The names of seven Marines — the youngest just 19, the oldest 26 years old — who were killed when a mortar exploded during a live-fire training exercise at an Army munitions depot in the Nevada desert were released Wednesday by Camp Lejeune in North Carolina.
Sgt. Daryl Chandler disguised himself as a super hero to surprise his young sons when came home to Georgia from Afghanistan for his first, two-week break in nine months. WXIA’s Jon Shirek reports.
(Photo: Andrew P. Johnson / The News Herald via AP)
More soldiers took their own lives than died in combat during 2012, new Department of Defense figures show. The Army’s suicide rate has climbed by 9 percent since the military branch launched its suicide-prevention campaign in 2009.
(Photo: Tom Pennington / Getty Images)
When No. 2,000 fell last weekend in Afghanistan, journalists were keeping count. But is the nation keeping up?
Sunday marks the 11-year anniversary of the first American missile strikes against terrorist and Taliban targets inside Afghanistan. The U.S. military death toll has ticked ever slowly upward from the war’s launch in October 2001 as a globally watched counterattack to 9/11 through the height of the Iraq War when service members in Afghanistan darkly dubbed their own battleground “Forgot-istan.”
(Photo: Tony Karumba / AFP - Getty Images)
A suicide bomber detonated a device in Afghanistan on Monday, killing three U.S. soldiers, one interpreter and four members of the Afghan National Police, a military official told NBC News.
The U.S. soldiers and Afghan police were on a dismounted partner patrol near the center of the Khost region in eastern Afghanistan. The attacker approached and detonated as they were preparing to get back in their vehicles.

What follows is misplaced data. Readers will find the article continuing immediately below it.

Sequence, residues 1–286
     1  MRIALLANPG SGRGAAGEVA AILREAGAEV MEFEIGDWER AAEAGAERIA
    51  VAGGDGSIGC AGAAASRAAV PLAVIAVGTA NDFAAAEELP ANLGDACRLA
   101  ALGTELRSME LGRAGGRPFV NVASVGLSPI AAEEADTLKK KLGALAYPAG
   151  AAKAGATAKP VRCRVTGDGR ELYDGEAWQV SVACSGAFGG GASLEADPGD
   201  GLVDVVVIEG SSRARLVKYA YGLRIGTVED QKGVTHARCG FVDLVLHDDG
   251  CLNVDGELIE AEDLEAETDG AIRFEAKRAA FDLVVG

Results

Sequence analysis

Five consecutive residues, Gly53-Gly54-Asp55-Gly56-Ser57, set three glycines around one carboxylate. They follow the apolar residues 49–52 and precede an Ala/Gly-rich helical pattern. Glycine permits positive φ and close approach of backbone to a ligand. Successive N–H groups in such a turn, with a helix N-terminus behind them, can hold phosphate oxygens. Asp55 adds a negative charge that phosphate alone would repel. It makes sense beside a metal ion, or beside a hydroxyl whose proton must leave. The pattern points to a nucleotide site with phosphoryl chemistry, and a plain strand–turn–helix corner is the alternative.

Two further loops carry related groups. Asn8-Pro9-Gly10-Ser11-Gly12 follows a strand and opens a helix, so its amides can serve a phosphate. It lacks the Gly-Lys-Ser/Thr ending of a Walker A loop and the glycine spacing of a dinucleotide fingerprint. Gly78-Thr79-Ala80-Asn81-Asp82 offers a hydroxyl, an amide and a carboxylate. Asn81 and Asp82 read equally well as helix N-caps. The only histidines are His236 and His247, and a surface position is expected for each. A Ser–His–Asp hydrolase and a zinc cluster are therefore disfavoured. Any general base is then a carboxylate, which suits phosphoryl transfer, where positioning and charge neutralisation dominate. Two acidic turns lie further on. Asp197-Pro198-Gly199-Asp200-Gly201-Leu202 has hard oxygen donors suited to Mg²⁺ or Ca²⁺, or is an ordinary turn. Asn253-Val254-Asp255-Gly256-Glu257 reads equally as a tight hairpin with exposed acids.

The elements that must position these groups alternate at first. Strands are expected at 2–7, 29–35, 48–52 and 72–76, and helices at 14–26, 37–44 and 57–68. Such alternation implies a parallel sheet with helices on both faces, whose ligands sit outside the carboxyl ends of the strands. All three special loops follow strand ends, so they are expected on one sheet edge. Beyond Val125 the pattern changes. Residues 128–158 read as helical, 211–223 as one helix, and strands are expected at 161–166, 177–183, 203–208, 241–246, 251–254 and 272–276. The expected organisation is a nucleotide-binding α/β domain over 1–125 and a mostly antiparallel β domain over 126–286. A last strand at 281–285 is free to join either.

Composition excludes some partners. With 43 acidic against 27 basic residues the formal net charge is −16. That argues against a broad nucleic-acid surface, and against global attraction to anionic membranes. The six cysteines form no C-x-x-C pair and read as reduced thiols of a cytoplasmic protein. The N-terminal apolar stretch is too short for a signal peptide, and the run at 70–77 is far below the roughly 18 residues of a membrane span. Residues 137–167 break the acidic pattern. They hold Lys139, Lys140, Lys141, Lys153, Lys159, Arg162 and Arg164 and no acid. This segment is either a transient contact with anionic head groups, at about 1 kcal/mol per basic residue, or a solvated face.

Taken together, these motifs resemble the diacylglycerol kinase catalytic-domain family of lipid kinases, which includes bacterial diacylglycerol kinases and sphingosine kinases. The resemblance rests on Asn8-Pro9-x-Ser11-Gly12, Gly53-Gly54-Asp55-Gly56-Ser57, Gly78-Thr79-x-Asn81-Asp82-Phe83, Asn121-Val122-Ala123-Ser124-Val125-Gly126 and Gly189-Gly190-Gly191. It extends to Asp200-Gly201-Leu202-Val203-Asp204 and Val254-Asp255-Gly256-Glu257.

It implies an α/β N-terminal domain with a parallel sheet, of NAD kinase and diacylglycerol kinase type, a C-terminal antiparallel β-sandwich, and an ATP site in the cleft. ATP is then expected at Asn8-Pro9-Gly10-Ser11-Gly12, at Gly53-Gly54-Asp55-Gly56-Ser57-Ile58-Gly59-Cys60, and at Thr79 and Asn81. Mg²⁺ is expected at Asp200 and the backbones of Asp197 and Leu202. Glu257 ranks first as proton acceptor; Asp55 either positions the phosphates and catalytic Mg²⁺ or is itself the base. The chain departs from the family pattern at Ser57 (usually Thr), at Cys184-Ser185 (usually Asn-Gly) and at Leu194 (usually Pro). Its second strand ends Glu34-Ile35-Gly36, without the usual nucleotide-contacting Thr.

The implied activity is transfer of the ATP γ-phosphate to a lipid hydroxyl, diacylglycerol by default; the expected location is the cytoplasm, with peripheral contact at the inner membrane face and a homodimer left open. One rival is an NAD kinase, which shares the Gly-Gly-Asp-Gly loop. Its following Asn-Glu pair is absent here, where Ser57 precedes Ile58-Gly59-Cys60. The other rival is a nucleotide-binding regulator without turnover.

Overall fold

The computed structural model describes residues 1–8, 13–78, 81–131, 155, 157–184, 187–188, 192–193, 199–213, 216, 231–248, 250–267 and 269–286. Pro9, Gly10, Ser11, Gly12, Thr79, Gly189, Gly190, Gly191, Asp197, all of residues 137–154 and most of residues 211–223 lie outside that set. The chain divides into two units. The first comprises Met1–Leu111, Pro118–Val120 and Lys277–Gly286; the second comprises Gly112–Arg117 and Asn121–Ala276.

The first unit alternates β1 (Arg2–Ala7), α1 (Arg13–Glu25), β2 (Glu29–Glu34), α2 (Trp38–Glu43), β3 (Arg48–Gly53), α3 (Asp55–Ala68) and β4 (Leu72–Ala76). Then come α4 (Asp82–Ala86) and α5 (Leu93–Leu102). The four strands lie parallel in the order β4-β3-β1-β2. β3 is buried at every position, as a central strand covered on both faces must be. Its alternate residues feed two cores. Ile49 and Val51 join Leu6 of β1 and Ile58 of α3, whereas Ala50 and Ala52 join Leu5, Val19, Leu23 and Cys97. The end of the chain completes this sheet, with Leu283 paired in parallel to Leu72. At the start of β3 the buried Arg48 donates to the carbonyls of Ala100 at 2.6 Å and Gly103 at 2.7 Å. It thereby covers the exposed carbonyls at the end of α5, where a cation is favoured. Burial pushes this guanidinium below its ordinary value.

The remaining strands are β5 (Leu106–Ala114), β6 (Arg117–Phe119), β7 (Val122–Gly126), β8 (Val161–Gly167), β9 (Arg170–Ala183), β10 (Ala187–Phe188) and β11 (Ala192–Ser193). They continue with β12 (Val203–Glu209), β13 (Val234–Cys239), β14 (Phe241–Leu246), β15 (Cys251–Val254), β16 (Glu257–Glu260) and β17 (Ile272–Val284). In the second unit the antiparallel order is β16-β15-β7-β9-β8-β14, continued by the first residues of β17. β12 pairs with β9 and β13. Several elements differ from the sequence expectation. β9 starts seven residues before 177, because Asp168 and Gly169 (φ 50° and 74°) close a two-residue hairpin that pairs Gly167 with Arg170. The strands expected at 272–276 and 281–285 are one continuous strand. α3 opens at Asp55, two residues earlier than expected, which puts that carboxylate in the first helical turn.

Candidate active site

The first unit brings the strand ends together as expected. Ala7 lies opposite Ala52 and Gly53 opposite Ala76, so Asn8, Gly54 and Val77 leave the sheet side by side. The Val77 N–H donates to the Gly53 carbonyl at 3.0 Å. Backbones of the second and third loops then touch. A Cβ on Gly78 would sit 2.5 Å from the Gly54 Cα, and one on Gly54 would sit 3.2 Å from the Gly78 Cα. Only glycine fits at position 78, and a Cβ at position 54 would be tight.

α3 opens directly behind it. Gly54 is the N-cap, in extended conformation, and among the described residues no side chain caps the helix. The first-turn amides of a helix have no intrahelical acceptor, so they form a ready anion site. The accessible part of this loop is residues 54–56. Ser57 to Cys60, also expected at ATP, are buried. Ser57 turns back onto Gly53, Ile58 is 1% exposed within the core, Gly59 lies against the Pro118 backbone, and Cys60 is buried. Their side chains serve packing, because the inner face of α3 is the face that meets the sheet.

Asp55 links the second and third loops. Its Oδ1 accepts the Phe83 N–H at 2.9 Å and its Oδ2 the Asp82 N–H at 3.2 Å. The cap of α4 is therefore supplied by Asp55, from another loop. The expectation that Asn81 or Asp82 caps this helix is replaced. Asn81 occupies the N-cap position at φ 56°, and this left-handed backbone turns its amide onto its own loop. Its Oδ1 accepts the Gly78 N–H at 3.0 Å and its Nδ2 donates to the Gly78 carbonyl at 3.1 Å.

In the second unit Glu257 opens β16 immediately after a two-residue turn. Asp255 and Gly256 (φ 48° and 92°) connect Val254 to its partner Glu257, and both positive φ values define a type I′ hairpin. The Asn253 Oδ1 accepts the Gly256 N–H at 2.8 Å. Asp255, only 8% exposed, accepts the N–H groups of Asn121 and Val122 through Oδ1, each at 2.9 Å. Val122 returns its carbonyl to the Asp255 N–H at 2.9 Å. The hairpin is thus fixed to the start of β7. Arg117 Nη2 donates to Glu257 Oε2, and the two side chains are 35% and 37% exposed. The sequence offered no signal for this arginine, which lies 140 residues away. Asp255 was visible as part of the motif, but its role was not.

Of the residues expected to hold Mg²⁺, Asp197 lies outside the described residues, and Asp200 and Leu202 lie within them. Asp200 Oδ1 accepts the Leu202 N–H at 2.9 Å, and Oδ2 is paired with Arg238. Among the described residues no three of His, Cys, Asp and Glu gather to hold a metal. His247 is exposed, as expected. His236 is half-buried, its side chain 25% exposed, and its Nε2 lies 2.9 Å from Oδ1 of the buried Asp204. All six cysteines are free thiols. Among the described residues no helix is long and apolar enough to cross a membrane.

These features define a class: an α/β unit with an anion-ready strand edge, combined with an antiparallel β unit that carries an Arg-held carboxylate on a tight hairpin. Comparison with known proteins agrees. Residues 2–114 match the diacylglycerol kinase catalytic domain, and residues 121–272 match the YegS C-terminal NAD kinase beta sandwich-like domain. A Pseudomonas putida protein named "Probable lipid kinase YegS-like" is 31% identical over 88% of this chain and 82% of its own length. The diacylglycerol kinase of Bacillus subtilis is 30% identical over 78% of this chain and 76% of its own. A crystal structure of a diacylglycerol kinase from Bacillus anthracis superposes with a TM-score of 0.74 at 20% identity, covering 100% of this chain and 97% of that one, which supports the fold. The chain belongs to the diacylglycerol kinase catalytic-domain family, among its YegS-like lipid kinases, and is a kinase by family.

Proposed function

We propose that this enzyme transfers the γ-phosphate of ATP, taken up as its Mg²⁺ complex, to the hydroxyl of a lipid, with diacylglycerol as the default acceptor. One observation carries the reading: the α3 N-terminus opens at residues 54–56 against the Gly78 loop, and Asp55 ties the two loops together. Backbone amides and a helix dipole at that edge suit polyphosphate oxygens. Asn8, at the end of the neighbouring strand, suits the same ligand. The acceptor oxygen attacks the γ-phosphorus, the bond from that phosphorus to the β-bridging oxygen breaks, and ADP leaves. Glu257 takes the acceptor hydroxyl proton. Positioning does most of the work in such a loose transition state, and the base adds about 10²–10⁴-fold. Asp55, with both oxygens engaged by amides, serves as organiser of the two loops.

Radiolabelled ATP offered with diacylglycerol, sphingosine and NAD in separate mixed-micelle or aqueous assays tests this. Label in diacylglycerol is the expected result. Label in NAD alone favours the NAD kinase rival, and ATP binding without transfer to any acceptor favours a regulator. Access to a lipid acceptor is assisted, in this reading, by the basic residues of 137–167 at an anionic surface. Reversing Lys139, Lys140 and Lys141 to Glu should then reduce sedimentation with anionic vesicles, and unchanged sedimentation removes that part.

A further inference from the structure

(Photo: Army officer, Fort Hood, Texas)
When the so-called “Jesus rifle” came to light in Jan. 2010, it sparked constitutional and security concerns, and a maelstrom of media coverage. The Pentagon ordered the removal of the secret code referring to Bible passages that the manufacturer had inscribed on the scopes of the standard issue rifles carried by U.S. soldiers into battle in Iraq and Afghanistan.
Nearly three years later — despite the military’s assertion that is making “good progress” — the code remains on many rifles deploying to Afghanistan, which some soldiers argue is endangering their lives by reinforcing suspicions that the United States is waging a crusade against Muslims.
(Photo: Staff Sgt. Michael Behlin / AP)
Nearly two years after President Barack Obama ordered 33,000 more U.S. troops to Afghanistan to tamp down the escalating Taliban violence, the last of those surge troops have left the country, U.S. officials said Thursday.
(Sgt. JD Williams, 25, a triple amputee, flowboards on a wave machine at the Center for the Intrepid on Aug. 7. The wave therapy is designed to improve balance, coordination and strength for injured soldiers, most of whom have lost limbs in combat. Photo: John Moore / Getty Images)
Lieutenant Colonel Donald Gajewski swears he has the best job in the military.
As an orthopedic surgeon and chief of the Center for the Intrepid at the Brooke Army Medical Center in San Antonio, Texas, Dr. Gajewski oversees the care of soldiers who return from combat with the most severe wounds.
The center, which opened in 2007, is one of three military facilities in the country for amputees, and it also rehabilitates soldiers with serious burns and injured limbs that were not amputated.
Updated at 4:12 a.m. ET: BAGHDAD, Iraq — A wave of bombings and an attack on an Iraqi military based killed at least 82 people on Monday. The death toll made it the bloodiest day of the year in the country, The Associated Press reported.
More than 100 others were wounded, police and hospital sources said.
A young girl squeezes between an honour guard of soldiers to get a glimpse of Johnson Beharry VC carrying the Olympic torch at the National War Memorial on Armed Forces Day, June 30, in Alrewas, Staffordshire, England.